New Article on Statistical Analysis of Television Style

A new piece I wrote on the statistical analysis of television editing has been accepted by Cinema Journal and is forthcoming in its fall 2014 issue:

  • Butler, Jeremy G. “Statistical Analysis of Television Style: What Can Numbers Tell Us About TV Editing?” Cinema Journal 54, no. 1 (forthcoming). Update 2015, full citation: Cinema Journal 54, no. 1 (2014), 25-44.

A companion Website with full-sized, color illustrations and the data sets used in my analysis is now online:

Here’s the article’s abstract:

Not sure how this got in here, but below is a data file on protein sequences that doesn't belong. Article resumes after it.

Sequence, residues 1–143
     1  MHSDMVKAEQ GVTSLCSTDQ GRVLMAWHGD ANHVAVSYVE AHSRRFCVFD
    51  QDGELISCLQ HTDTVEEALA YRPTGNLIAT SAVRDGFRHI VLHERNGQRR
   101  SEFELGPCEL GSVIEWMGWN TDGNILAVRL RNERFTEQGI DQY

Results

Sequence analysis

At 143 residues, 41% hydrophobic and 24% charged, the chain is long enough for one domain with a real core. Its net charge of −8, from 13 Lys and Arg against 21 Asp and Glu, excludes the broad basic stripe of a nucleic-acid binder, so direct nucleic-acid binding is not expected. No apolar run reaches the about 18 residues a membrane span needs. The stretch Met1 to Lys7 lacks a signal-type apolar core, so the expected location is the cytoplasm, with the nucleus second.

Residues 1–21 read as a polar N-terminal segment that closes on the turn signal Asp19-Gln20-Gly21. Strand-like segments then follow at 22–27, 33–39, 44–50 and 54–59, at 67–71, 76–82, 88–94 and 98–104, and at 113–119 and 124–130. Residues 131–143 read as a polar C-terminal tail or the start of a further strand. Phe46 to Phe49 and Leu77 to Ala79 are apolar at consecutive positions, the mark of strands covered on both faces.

This article assays the value of splicing together humanities-based analysis of television style with digitally generated statistical data. The editing style of the situation comedy, Happy Days (1974-1984), provides an intriguing test case for such analyses’ utility as it made a radical shift in its mode of production after its second season—switching from single-camera to multiple-camera (with a studio audience). Using data collected on ShotLogger.org, this article measures the cutting rates correlated with each mode of production and finds there is a statistically significant difference between the two. Additionally, this article examines the general acceleration of cutting rates on American television since 1951 and it comes to a perhaps surprising conclusion about the impact of individual editors upon television style.

 

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